Painting Over Mixed Substrates

Mixing wood and MDF, and don't want wood grain showing through paint? Use a wood like Maple. April 6, 2007

I started a large quote today, paint grade. Do you ever mix wood with MDF? Customer is looking for no wood grain showing through the finish. Say MDF doors with ply for the cabinet, just for strength and weight?

Forum Responses
(Business and Management Forum)
From contributor M:
I do a fair amount of paint grade, mixing MDF, hardwood, and cabinet ply. If your customer doesn’t want to see the wood grain, I would suggest using hard maple for your hardwood, MDF for door panels, and either MDO, or maple ply for your carcasses. These materials all spray up beautifully, and the maple will show very little if any grain. I use poplar usually, as I like this material, and I like to see a little grain, but the maple really makes a nice finish with paint.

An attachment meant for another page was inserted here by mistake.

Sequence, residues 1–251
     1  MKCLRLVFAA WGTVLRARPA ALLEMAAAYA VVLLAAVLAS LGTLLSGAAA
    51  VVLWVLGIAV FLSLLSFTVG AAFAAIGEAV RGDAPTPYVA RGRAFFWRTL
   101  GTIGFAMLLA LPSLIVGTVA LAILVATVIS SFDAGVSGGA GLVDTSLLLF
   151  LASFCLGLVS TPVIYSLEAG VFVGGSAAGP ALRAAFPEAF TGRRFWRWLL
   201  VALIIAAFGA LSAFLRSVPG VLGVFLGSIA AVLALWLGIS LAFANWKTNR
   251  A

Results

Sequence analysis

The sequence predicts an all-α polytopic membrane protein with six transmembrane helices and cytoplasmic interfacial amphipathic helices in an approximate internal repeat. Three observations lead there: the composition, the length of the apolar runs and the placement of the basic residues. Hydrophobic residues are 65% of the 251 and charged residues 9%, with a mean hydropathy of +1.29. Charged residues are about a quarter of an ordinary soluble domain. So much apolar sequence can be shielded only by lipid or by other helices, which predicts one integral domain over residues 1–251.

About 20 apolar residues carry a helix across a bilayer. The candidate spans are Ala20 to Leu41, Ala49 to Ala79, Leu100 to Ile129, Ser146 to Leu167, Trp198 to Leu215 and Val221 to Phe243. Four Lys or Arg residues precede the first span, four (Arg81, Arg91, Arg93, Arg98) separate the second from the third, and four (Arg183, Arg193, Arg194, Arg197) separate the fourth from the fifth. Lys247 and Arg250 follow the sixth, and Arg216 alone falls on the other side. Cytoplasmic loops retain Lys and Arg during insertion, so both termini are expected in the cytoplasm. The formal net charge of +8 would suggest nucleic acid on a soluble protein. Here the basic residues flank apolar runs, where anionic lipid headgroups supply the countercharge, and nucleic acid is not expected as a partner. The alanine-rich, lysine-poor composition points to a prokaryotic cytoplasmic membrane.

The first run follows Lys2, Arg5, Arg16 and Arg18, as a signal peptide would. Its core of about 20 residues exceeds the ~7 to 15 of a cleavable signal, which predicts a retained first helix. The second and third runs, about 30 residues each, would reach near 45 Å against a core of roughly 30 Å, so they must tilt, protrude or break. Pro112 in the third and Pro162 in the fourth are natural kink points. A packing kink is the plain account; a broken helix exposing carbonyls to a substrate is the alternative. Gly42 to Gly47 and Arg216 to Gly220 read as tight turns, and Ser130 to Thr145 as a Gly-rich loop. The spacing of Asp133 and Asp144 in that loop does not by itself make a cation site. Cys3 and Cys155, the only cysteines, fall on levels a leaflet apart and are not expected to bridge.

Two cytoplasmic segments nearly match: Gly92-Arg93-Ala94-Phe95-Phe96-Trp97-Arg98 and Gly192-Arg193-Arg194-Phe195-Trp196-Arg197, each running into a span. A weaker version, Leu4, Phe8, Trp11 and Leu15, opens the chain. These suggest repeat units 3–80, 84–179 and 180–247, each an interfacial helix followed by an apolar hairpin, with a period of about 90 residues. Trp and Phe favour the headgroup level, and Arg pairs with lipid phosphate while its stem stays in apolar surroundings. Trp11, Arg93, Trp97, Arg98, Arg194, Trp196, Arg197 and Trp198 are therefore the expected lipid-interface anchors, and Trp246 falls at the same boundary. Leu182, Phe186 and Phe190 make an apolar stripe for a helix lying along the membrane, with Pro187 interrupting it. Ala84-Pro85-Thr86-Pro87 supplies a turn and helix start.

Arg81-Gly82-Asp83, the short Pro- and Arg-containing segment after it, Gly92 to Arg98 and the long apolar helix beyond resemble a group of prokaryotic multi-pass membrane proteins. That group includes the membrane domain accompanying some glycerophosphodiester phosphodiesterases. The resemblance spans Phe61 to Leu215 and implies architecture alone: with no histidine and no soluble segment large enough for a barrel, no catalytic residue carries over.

From contributor P:
I would agree with contributor M on everything, except with the MDO, sometimes the core will telegraph through the overlay.

From contributor M:
I agree, and forgot to mention that. Also sometimes with the maple ply, you get either the core telegraphing some, or just a lousy glueup of the veneer, and it shows as a wavy finish in the veneer.

From contributor L:
I would use soft maple, not hard. It is much less expensive and moves less.

From contributor C:
Ditto on the soft maple instead of hard. We always sand 120, then 150 on painted plywood interiors prior to painting. If the panels are MDF, don't they take a lot of sealing or filling. I use a lot of TruPan Ultralight. Is this a decent product? It sucks up a lot of paint to look as good as soft maple panels.